Eli Cortiñas • Free Circulation = Free Copulation • 13.09.–26.10.2019

Free Circulation = Free Copulation

In the spring of 1967, male students protested for free movement by invading the residences of women in Nanterre, a suburb of Paris. Further incursions occurred at university campuses in Nantes, Nice and Montpellier despite police efforts to stop them. “What was being demanded”, explains Katherine Shonfield, “was the ‘right’ to freely circulate in and out of the bedrooms of female students: the transgression of literal, physical boundaries in the name of freedom. (…) [T]he graffito ‘Libre circulation’ was appended the demand for ‘Libre copulation’ – unbridled copulation”.[1]

Eli Cortiñas takes Shonfield’s revision of the ‘free movement’ slogan as a starting point to explore the co-optation of women’s bodies and feminine warfare, through a two-channel video installation and large-scale prints.

Cortiñas samples images of women from TV series, books, news reportages, facial recognition simulations, makeup ads and anime movies. Combining both existing and newly filmed imagery and voices, her video also focuses on footage of female politicians. As omniscient narrators comment on the feelings, gestures and clothing of these women, the work invites us to reflect on how women exercise power publicly, how they are expected to appear and behave. The characters, continuously masked and unmasked, seem to be caught in a transformative limbo. Slow-motion footage of women smashing ceramics inside anger rooms precedes a fragmentary fast-cut of repeated images. With careful research and editing, Cortiñas performs a glitch in the history of female representation, cracking it open symbolically – and visually, in the very filmic medium.

If the action seems limited to the circuit of visual culture, look further. The work cites forced sterilisation and abortion bans, reporting on the ways in which the state penetrates women’s bodies. Witch hunts initiated by the abolition of women’s control over their own reproductive rights. While paving the way for an oppressive patriarchal regime, these hunts also contributed to colonial dominance: means of female segregation during witch-hunts were later applied to enslave individuals for the accumulation of capital and resources. Silvia Federici reported: “the reappearance of witch-hunting in so many parts of the world in the ‘80s and ‘90s is a clear sign of a process of ‘primitive accumulation’, which means that the privatisation of land and other communal resources, mass impoverishment, plunder, and the sowing of divisions in once- cohesive communities are again on the world agenda”.[2]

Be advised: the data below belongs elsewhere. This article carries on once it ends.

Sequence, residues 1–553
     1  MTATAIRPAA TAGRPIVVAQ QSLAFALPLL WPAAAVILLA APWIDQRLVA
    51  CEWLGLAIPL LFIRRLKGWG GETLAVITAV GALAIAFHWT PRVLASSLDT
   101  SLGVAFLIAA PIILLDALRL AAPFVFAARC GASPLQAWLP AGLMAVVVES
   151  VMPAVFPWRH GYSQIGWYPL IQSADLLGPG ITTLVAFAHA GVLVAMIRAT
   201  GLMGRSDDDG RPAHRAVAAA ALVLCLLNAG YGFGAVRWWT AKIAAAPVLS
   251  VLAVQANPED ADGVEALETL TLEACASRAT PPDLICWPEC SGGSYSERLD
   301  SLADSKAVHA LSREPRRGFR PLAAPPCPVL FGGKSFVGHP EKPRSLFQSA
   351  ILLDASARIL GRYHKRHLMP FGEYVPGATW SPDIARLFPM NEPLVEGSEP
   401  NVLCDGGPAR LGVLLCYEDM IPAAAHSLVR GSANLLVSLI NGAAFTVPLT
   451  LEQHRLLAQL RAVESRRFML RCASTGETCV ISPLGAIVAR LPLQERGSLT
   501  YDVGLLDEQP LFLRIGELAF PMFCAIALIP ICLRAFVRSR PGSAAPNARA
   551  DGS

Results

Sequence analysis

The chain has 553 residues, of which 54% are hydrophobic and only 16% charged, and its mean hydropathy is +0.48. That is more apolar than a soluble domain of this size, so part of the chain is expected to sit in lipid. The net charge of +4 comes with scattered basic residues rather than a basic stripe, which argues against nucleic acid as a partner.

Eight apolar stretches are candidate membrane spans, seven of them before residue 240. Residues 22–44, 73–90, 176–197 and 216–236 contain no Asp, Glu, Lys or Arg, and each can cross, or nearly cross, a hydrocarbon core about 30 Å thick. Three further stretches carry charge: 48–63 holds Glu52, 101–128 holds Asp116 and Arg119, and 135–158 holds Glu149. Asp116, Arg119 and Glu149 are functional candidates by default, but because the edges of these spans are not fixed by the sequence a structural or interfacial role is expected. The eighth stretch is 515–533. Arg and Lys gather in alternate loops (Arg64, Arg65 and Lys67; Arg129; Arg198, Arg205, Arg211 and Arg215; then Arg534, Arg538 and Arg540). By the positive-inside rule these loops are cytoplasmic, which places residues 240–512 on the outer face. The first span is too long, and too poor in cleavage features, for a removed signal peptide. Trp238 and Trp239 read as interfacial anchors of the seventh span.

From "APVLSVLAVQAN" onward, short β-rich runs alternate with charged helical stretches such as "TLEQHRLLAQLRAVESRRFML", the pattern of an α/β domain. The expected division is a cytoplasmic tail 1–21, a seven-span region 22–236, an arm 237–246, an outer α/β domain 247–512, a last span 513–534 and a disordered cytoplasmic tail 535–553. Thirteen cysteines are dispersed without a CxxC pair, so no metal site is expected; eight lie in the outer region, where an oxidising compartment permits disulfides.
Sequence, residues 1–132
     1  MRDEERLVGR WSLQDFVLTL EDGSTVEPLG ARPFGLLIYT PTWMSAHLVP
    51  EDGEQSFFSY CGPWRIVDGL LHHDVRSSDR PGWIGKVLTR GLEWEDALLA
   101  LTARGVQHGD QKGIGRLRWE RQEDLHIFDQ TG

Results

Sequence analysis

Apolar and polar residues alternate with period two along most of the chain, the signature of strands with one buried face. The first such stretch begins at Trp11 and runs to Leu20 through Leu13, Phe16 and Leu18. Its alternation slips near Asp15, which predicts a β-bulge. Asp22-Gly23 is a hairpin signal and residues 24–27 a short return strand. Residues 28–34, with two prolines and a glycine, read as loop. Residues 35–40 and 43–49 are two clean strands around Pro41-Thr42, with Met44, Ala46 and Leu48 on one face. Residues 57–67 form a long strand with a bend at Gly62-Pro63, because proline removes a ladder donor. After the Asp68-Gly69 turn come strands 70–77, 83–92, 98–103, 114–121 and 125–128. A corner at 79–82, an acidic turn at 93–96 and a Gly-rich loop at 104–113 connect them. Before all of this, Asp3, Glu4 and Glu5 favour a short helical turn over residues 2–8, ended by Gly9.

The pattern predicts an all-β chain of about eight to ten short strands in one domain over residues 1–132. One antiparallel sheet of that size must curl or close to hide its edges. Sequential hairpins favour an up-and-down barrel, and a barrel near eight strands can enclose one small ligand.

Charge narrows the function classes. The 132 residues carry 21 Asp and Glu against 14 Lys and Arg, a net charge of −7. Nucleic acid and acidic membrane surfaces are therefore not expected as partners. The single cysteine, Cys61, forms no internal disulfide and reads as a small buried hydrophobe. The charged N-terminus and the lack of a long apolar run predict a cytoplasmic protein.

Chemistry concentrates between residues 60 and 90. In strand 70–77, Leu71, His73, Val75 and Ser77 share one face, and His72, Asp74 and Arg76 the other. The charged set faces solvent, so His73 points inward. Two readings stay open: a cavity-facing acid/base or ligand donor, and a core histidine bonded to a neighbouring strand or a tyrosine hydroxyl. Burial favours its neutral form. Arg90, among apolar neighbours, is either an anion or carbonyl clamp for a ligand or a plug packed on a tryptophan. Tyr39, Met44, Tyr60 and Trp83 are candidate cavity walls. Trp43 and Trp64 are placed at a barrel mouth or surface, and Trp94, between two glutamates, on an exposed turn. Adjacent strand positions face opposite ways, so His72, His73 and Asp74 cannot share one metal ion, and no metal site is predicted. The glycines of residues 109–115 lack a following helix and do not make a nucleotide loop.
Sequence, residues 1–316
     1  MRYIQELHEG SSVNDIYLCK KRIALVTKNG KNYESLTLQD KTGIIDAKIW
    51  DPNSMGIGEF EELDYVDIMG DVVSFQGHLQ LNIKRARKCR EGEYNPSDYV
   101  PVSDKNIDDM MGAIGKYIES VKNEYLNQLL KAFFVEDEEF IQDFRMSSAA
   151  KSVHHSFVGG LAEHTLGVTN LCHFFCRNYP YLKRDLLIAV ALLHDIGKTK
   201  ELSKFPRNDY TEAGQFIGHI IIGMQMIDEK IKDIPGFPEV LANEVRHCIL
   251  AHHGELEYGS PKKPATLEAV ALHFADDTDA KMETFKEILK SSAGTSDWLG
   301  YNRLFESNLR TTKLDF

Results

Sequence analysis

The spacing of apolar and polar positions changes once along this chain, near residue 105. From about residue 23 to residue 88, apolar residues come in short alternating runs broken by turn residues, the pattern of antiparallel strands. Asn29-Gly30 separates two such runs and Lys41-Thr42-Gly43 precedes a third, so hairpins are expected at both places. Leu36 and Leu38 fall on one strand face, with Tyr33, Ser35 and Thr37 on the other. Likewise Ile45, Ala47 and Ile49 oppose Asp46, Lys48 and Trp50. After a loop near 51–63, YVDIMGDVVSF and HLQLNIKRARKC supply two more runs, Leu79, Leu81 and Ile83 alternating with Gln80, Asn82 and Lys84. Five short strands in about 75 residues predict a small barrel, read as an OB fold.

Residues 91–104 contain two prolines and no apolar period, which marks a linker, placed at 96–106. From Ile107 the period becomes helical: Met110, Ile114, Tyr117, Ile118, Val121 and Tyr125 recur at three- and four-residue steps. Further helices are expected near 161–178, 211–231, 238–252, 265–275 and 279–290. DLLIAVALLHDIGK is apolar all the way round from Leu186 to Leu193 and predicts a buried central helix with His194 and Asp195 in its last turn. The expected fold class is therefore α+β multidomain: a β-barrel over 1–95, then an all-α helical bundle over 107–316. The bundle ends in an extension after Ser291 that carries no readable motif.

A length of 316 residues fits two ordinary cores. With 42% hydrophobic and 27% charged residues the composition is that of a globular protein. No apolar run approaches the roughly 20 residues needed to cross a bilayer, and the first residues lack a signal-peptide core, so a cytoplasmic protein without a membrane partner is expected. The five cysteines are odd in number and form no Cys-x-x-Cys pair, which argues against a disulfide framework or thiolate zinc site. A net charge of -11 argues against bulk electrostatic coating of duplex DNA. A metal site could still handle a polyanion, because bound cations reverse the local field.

In the video, references to current witch-hunts carried out via computers alternate to a freeze-framed combination of statements. By demonstrating that the control of women’s bodies is deeply intertwined with capitalist processes such as land-expropriation and extractivism, Cortiñas’ work shows that the war against women goes past women themselves.

Cortiñas pushes the flatness of the image beyond the frame of representation through the invisibility of powers, into dissolving bodies. The non-linear structure of the video mimes the dynamics of violence: recurring, fragmented, subtle and ever-present. Ultimately, it calls for resistance.

Copulation is the engagement in sexual intercourse. More abstractly, it is also a form of information transmission. In the exhibition, images of women circulate intermittently on different viewing platforms: the news, mobile phones, gallery monitors. Through sampling, repetition, and the reshuffling of female traces, the video displays female visual codes of contemporary culture. This process of visual recollection is not aimed at reinforcing gender constructs, but rather questions how we are conditioned to look at women: showing cracks in the patriarchy, reporting women’s feelings, and rendering the perpetuation of violence visible again.

Text by Giulia Civardi
[1] Shonfield, Katherine, Walls Have Feelings: architecture, film and the city, (London, New York: Routledge, 2000) p. 165 and 125
[2] Federici, Silvia, Caliban and the Witch (NY: Autonomedia 2004) p. 239